San José, Costa Rica, since 1956
Boating accidents

US citizen dies in boating accident off Costa Rica's Playa Herradura

A U.S. tourist was killed in a boating accident last week off Costa Rica’s central Pacific coast.

Won Ah, 30, of Atlanta, Georgia, was reportedly swimming during a sport fishing expedition with six other tourists, including his brother, when he got caught in the boat’s propeller, according to the Judicial Investigation Police (OIJ).

The Red Cross responded to the accident and pronounced Ah dead at the scene.

The accident happened Aug. 13 at about 4 p.m., some 3 nautical miles out from Los Sueños Marina in Playa Herradura. The 36-foot boat, named Circle Hook, was headed out on a fishing charter. But the captain stopped the boat mid-ocean at the tourists’ request, according to OIJ.

However, the captain kept the engine running per protocol, OIJ’s press office said.

Some of the tourists reportedly asked if they could swim and jumped in the water, including Ah. Shortly afterwards, the captain heard a loud noise and cut the engines.

OIJ said it appeared that Ah’s bathing suit got caught in the boat’s propeller. He died at the scene.

Police are still investigating the incident, as is the Public Works and Transport Ministry, which oversees watercraft.

A spokesman for the ministry, Juan Carlos González, said the boat was fully permitted.

The incident was one of two boating accidents that claimed lives last week in Costa Rica. In the other, a Nicaraguan woman was killed Saturday night after the water taxi she was traveling in collided with a tourist boat in the canals of Tortuguero, on the Caribbean coast.

Contact Jill Replogle at jillrep@ticotimes.net

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Brian Malone

@DAN GIBSON

Dan, that definitely sounds more along the lines of what likely happened. If that’s what protocol is, that’s news to me. Although, what does drinking have anything to do with the incident? While that tends to happen sometimes, it seems kind of irrelevant in this situation. Well, at least unless the hired boat captain was drinking too.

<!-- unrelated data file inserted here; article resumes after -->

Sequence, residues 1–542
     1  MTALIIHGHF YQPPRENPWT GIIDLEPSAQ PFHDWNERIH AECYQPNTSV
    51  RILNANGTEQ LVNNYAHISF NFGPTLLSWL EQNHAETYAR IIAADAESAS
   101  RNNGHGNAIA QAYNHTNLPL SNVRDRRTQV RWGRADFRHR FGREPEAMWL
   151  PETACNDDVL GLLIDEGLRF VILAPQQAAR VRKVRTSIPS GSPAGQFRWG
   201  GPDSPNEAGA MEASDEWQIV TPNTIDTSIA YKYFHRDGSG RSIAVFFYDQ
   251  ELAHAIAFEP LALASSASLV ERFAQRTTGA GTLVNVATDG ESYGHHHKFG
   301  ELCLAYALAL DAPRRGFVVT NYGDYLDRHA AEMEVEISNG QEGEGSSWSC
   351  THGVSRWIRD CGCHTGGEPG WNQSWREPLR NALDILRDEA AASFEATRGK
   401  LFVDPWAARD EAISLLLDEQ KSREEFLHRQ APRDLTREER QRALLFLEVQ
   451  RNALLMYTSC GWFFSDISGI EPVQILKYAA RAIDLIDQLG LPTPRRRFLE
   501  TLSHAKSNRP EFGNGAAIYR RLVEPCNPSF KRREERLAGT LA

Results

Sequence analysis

How can the captain and first mate (typically on these boats) not account for every person before turning on the engine? It simply sounds like gross negligence on the captain’s and FM’s part.

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Fernando Gerdano

This is the 2nd time this has happened in the last week?

Pura vida!

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Dan Gibson

Protocol — ”to leave the engines running” — when clients are ”swimming” ? And — from what the article asserts — the boat was ”in gear” and under power — completely stupid or absolutely ridiculous — !! Something a little closer to what actually happened — would be – they went fishing — drank a lot — and — on the way back in – decided to go for a swim – the engines were turned off — and — not knowing one person was still in the water — the captain started the engines and put the boat in gear — try that scenario and see if it does not sound a little more believable —-

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Brian Malone

Dan, that definitely sounds more along the lines of what likely happened. If that’s what protocol is, that’s news to me. Although, what does drinking have anything to do with the incident? While that tends to happen sometimes, it seems kind of irrelevant in this situation. Well, at least unless the hired boat captain was drinking too.

How can the captain and first mate (typically on these boats) not account for every person before turning on the engine? It simply sounds like gross negligence on the captain’s and FM’s part.

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djspunu

the prop does not spin when the motor is in neutral

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